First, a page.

The cases where 17 U.S.C. § 503 is invoked all involve movable articles "by which copies or phonorecords may be reproduced," 17 U.S.C. § 503(a) and (b), or the "copies and phonorecords" themselves. See, e.g., Peer Int'l Corp. v. Luna Records, Inc., 887 F. Supp. 560, 1995 WL 125389, *10 (S.D.N.Y. 1995) (ordering the destruction of phonorecords containing seven copyrighted musical compositions); Brooks v. Bates, 1994 U.S. Dist. LEXIS 4502, 1994 WL 121851, *1 (S.D.N.Y. April 7, 1994) (impounding computer hard drives and related equipment); Demetriades v. Kaufmann, 680 F. Supp. 658, 666 (S.D.N.Y. 1988) (impounding copyrighted architectural plans); Wallace Berrie & Co. Custom Styled Toys, 1982 WL 1288, *1, 3 (E.D.N.Y. August 16, 1982) (ordering seizure of manufactured toys).

 The court concludes that the remedies afforded at 17 U.S.C. § 503 in a copyright infringement, in the circumstances presented herein, do not directly "affect the title to, or the possession, use, or enjoyment of, real property", CPLR § 6501, located at 45 Noyac Path, Watermill, New York. Pereira's motion to vacate the notice of pendency is granted.

 2. The Notice of Pendency in the Dismissed Action (96-CV-2237) Must Be Vacated

 A notice of pendency was filed against the defendant's property on February 3, 1997 in Suffolk County, Index # 97-3523, in the copyright infringement action 96-CV-2237. By order dated March 20, 1997, Thomas C. Platt, D.J., dismissed this federal action.

 Section 6514(a) of the New York Civil Practice Laws and Rules provides that the court "shall direct any county clerk to cancel a notice of pendency . . . if the action has been settled, discontinued or abated." N.Y. C.P.L.R. § 6514(a). Since the plaintiff's cause of action [96-CV-2237] was dismissed, the notice of pendency must be vacated. *fn6"

 The defendant's cross-motion to vacate the notice of pendency [ # 97-3523] in the dismissed case [96-CV-2237] is granted. The Clerk of the New York Supreme Court, Suffolk County, is directed to enter judgment canceling the notice of pendency.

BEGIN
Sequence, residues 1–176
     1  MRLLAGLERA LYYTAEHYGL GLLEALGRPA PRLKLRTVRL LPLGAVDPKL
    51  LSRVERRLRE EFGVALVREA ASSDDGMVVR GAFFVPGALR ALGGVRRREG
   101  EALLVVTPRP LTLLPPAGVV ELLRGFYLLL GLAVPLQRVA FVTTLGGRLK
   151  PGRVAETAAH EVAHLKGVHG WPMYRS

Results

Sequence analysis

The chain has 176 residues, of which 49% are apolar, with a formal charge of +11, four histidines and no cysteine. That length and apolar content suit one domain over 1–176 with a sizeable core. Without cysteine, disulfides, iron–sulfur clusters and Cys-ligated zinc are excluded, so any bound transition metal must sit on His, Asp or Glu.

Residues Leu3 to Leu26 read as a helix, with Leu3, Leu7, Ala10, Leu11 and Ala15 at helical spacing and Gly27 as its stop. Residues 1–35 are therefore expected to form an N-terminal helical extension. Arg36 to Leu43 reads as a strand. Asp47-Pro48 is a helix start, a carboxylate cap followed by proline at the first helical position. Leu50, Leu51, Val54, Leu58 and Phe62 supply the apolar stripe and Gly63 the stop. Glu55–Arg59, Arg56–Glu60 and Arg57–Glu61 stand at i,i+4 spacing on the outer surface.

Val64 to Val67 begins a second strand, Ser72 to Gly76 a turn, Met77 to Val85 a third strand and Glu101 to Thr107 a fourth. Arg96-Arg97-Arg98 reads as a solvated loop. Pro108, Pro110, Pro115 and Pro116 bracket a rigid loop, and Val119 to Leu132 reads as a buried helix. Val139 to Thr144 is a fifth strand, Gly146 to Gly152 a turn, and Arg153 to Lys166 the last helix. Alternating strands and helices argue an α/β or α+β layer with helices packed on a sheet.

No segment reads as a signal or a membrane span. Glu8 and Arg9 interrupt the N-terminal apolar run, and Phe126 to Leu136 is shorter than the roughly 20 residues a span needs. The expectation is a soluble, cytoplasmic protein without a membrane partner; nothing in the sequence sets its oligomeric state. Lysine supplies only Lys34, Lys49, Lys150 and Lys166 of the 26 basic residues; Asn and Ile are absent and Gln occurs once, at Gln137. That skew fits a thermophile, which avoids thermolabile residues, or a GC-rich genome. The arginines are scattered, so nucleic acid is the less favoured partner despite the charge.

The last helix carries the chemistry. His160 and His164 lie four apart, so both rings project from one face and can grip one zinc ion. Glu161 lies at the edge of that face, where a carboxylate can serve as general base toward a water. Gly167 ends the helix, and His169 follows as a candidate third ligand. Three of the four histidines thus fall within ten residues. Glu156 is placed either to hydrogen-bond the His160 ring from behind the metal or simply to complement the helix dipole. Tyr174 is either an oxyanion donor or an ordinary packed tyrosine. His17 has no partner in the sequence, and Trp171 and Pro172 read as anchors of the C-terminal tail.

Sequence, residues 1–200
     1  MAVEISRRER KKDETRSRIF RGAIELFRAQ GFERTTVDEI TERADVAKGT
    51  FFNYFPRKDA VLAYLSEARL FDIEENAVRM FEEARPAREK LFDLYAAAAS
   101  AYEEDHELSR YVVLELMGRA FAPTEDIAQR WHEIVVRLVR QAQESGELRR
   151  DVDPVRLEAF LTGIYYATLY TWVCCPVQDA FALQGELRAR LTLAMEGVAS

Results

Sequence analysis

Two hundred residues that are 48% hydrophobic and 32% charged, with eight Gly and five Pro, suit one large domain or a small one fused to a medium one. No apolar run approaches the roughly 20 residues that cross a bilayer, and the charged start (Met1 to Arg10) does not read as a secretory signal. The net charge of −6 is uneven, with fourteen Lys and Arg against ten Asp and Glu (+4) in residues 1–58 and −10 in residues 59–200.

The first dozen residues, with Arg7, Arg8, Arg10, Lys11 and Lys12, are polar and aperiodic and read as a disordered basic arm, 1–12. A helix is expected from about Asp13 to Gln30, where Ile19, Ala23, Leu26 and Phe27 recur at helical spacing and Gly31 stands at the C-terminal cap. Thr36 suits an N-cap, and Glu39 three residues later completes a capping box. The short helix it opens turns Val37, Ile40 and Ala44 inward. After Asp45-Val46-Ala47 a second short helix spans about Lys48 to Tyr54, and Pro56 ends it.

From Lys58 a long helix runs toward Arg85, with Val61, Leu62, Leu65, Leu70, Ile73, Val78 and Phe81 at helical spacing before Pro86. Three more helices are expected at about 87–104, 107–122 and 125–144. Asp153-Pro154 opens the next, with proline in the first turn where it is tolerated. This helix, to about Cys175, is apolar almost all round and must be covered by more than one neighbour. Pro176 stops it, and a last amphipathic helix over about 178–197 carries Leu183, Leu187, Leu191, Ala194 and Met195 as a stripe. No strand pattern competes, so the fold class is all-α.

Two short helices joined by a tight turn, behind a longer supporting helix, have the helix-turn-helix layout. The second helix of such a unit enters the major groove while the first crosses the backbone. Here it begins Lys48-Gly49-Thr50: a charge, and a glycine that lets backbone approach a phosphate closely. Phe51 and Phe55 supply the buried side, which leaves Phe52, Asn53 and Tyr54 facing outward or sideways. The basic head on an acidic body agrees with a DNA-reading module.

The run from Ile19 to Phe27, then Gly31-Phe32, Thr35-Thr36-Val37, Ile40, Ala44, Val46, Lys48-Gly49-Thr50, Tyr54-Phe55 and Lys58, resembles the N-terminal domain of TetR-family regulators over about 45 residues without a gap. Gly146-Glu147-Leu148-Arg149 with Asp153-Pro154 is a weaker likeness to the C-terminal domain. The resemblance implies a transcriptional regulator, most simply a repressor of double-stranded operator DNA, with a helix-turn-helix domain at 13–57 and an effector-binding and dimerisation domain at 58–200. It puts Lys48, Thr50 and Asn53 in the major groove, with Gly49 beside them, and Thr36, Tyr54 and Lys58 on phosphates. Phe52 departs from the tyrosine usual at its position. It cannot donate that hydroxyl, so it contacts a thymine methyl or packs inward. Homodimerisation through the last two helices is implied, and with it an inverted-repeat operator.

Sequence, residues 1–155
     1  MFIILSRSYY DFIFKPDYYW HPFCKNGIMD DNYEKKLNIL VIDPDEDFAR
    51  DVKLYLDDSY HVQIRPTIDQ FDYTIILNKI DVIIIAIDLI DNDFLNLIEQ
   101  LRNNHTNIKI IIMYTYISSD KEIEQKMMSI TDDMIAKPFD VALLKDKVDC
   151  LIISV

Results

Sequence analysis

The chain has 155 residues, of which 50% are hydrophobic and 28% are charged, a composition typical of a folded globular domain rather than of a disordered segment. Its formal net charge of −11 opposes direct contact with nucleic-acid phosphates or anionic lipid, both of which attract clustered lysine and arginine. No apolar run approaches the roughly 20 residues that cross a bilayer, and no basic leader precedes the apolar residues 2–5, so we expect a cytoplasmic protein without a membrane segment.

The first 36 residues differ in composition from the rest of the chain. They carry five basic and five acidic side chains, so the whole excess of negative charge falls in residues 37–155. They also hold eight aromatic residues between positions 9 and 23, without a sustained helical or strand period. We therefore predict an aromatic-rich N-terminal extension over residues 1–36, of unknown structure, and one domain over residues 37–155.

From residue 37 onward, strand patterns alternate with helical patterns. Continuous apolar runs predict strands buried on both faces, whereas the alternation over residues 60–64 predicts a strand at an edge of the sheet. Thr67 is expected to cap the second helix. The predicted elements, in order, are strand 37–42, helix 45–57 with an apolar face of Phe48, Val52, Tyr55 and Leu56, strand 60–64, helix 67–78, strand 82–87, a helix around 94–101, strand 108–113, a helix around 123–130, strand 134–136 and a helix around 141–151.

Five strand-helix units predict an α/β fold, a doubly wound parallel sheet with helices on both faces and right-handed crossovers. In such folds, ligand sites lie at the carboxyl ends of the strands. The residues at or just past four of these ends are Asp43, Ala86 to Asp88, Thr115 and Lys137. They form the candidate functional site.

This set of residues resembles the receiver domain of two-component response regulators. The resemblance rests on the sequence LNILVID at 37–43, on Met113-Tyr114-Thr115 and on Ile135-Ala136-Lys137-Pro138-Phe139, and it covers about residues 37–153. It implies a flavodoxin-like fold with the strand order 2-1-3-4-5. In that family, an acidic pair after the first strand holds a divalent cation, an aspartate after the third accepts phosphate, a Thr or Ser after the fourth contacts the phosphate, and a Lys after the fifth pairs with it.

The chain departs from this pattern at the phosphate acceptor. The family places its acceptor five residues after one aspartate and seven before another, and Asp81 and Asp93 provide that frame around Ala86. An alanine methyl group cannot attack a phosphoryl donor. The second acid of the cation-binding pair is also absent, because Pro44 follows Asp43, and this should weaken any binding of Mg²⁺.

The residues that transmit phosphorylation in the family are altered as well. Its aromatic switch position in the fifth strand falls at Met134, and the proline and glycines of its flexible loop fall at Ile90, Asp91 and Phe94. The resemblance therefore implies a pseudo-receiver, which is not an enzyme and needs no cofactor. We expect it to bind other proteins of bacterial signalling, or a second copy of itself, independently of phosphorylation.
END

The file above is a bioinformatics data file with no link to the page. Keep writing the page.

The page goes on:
Conclusion

 For the reasons stated above, Zitz's application for a preliminary injunction to enjoin the sale of the house at 45 Noyac Path in Watermill, New York, is DENIED.

 Pereira's cross-motion to vacate the notice of pendency herein filed against his property, 45 Noyac Path, Water Mill, New York, is GRANTED. The Clerk of the New York Supreme Court, County of Suffolk, is directed to cancel the following notices of pendency: Index No. 97-3523, filed February 3, 1997, and Index No. 97-06941, filed March 21, 1997.

 Dated: Uniondale, New York

 May 19, 1997

 E. THOMAS BOYLE

 United States Magistrate Judge

 ORDER

 Plaintiff's motion for reargument is granted, and on reconsideration the court adheres to the Memorandum Opinion and Order dated May 19, 1997 for the reasons stated therein. The plaintiff's request to file an amended notice of pendency is also denied for the reasons set forth in the Memorandum Opinion and Order dated May 19, 1997. The motion for clarification is denied on the ground that it raises an issue that was not before the court in the original motion, and is otherwise without merit since the court is unaware of any ambiguity or deficiency in the Memorandum Opinion and Order of May 19, 1997. See e.g., Jose P. v. Ambach, 1987 WL 14139 (E.D.N.Y. July 8, 1987) (motion for clarification denied where "the language does not seem ambiguous to the court . . . .").

 SO ORDERED:

 Dated: Uniondale, New York

 June 17, 1997

 E. THOMAS BOYLE

 United States Magistrate Judge